Doom Eternal's bosses are here to teach you how to play Doom properly

(Image credit: id Software)

Doom Eternal introduces you to new weapons and abilities slowly. After discovering  a new item, you're guided through a quick tutorial that demonstrates how to implement your new tool into your rolling rampage across each level. As you get stronger you begin to feel more comfortable. The early levels that left you feeling a bit out of breath become a rosy dot in the distance. 

At this point, you've started to subconsciously scan every room for enemies to rank them by threat level and eliminate them in a fluid sequence. You know how to exploit weak points, and have learned which weapon counters each breed of demon. You're unstoppable. That is, until you meet a creature that has been designed specifically to hunt you.

Enter the Doom Hunter, a super heavy demon that specialises in long-range lock-on missiles. Partially constructed before your very eyes, this modular monstrosity is a terrifying amalgam of flesh and steel. A canon and chainsaw line its arms, and it scoots around the arena on a mechanical sled. It's commonplace to hunt large monsters among among a sea of little threats in Doom, but this fight encouraged me to evolve my play style significantly. 

Before the fight began, the game gave me some advice: "Destroy the shield with the Plasma Rifle to briefly disable it. Destroy the sled to permanently disable its protective shield and missiles". In theory, this seems straightforward. However, in practice, it's difficult to keep your eyes locked on that brute of a prize.

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(Image credit: id Software)

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Remaining on the floor and strafing left and right around pillars was a solid enough strategy to begin with. I was even able to remove the boss' shields with the Plasma Rifle and land a few bold hits on their sled. Unfortunately the little guys kept getting in the way. Despite only playing on the 'Hurt Me Plenty' difficulty, I found that pesky Imps congregated around me as I tangoed with the Doom Hunter. Just finding the boss in this steel cage of a room was proving to be tricky and its shields rendered my small bursts of fire measly and ineffective. I'd lost my confidence against this imposing creature, and was neglecting a number of valuable tools at my disposal. Soaring through the air en route to chainsaw a soldier for some greatly needed ammo, something clicked in my brain.

I took to the skies. Rather than dashing to safety, I dashed parallel to the Doom Hunter, hitting every possible jump pad on my circuit. I spent airtime scouring the map for the beast as I mopped up any poor soul in my way. Finally, the boss' sled crashed to the floor and with that, a fresh onslaught of enemies populated the arena. I started stripping back the Doom Hunter's health once again, this time with ease. After a theatrical glory kill I exhaled, proud of my achievement. But the track hadn't finished. Dropping through a hole in the floor I landed heavily on an icy platform into a larger arena, teeming with more enemies and two Doom Hunters. The second portion of this boss fight has you traversing a larger arena with more enemies.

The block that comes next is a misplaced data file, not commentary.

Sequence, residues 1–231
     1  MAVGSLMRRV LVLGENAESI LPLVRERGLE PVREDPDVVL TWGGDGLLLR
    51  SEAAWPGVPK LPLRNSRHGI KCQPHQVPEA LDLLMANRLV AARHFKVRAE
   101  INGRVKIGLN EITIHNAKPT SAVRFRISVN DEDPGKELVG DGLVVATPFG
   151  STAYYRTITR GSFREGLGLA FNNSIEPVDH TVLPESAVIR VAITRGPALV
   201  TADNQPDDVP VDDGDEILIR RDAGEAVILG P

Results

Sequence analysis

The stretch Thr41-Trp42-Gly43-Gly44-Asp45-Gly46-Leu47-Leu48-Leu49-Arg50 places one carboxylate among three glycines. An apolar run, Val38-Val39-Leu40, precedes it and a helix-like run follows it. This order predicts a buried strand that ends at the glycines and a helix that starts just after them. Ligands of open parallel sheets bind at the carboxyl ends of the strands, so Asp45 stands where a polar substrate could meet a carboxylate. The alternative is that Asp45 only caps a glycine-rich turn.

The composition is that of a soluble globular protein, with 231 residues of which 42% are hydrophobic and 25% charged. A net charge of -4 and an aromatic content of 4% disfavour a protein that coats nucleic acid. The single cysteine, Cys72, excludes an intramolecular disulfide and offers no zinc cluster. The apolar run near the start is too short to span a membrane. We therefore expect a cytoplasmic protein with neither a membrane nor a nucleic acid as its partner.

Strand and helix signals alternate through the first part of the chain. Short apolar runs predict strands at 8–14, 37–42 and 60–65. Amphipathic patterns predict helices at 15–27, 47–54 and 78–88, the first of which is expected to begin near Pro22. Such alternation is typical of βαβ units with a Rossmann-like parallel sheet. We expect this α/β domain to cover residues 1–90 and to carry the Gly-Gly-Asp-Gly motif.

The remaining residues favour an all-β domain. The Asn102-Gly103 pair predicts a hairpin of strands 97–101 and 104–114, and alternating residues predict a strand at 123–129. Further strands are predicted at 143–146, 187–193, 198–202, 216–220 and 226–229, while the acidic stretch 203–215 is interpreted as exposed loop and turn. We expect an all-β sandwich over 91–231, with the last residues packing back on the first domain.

(Image credit: id Software)

Doom Eternal's campaign is a constant learning experience and this boss fight teaches you how to approach its combat. The further you venture, the more powerful you become, but if you haven't embraced the new approach that the sequel wants you to take, you'll struggle to get very far. In our interview, Marty Stratton and Hugo Martin from id Software, highlighted that finding ways to encourage players to play Doom Eternal in a 'fun way' has been a focus for the team. Martin says "we have the courage to frustrate the player so long as we have something to teach them". Moving outside of that core loop by strafing around a pillar and ignoring all your new traversal options is not something id Software consider as the 'fun zone'. "At that moment it's time for the game to kill you and frustrate you out of playing that way". 

If you're as impatient as I am to hop into Doom Eternal later on this month, it's worth noting that you'll need to adjust the playstyle you fell into with Doom (2016) to truly appreciate what its sequel has to offer. Doom Eternal's foundations are true to its roots in that you're having a blast in an exaggerated escapade of violence. However, its new traversal tools elevate fights and make you feel even more powerful than before.

(Image credit: id Software)
Emma Matthews

As PC Gamer's guides writer, Emma is usually juggling several games at once. She loves competitive first-person shooters like CS:GO and Call of Duty, but she always has time for a few rounds of Hearthstone. She's happiest when she's rescuing pugs in Spelunky 2.